People connected to Bearson case have refused lie detector tests, girlfriend says on Facebook
FARGO--The girlfriend of Thomas Bearson, a North Dakota State University student whose killing last fall remains unsolved, said Tuesday on Facebook that some people connected to the case, including one from Bearson's hometown who was one of the l...
FARGO--The girlfriend of Thomas Bearson, a North Dakota State University student whose killing last fall remains unsolved, said Tuesday on Facebook that some people connected to the case, including one from Bearson's hometown who was one of the last to see him alive, have declined police requests that they take lie detector tests.
"Why? Just take the test and prove you had nothing to do with Tom's death and prove yourself innocent of any wrongdoing and then move on with your life," Erica Traut wrote in her post. "But, do the right thing and take the test."
The post had more than 200 likes and 120 shares at 6 p.m. Tuesday.
In the comments, a discussion ensued about Jake Wenzel, who went to high school with Bearson in Sartell, Minn., and was with him the last night he was seen alive. The two were out together early in the morning on Sept. 20 when Wenzel composed a cryptic tweet from Bearson's Twitter account, and they ended up at Wenzel's house before Bearson left at 3:40 a.m.
"It is fact that the last individuals known to have seen Tom Bearson alive are unwilling to cooperate with law enforcement and unwilling to take a polygraph test," Traut wrote of Wenzel, who she referred to as "one who is from our own community."
Wenzel's girlfriend, Corbin Heimsness, commented, "I know my boyfriend wouldn't KILL is (sic) own friend!!! Your truly sick! Erica I'm very disappointed in this. Jake supported you and made sure you were doing okay plenty of times and this is how you repay him? Shame."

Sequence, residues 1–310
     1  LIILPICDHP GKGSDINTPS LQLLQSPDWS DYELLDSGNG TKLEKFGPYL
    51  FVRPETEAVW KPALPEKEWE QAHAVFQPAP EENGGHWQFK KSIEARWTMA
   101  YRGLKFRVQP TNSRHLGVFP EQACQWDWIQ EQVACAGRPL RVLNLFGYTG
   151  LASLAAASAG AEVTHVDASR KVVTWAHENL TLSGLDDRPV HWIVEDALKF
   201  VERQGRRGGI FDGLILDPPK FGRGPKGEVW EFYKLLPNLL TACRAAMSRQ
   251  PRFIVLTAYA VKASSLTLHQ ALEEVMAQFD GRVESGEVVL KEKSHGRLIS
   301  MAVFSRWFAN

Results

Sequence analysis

In another comment, Heimsness said the reason Wenzel would not take the test was because the test was not accurate. Later, all of her comments were deleted.
Lt. Tory Jacobson, a spokesman for the Moorhead Police Department, said investigators knew about Traut's post, but he would not confirm its content or whether polygraph tests have been used in this case.
"We're unable to comment on the ongoing investigation," Jacobson said. "So we cannot speak to, you know, what people are posting or what our efforts are in the investigation."
Fargo police Lt. Joel Vettel would not comment on the Bearson case, but said Fargo uses polygraph testing "regularly over the course of a year," especially in serious or complicated cases.
"It's used maybe to help eliminate individuals from being suspects," said Vettel, who manages Fargo's investigations division. "It allows us to follow up on leads and assists us in gauging the credibility of that."
Because Fargo police rely on a contract employee to operate the polygraph, tests typically occur later in an investigation, Vettel said.
Bruce Quick, a defense attorney at Vogel Law Firm and former prosecutor for the Cass County State's Attorney's Office, said the test is "a lot of times used as an interrogation tool more than a tool to determine whether someone's being truthful."
Quick used polygraph tests "semi-regularly" as a prosecutor and said there were circumstances when he believed the results, but he noted the science is questionable.
"A person is not required to take them, and they're not admissible (in court), and there's just a lot of fear that they're not accurate," Quick said. "I wouldn't interpret somebody's refusal to take one as meaning much because there'd be a lot of reasons why a person wouldn't want to do that, other than they have something to hide."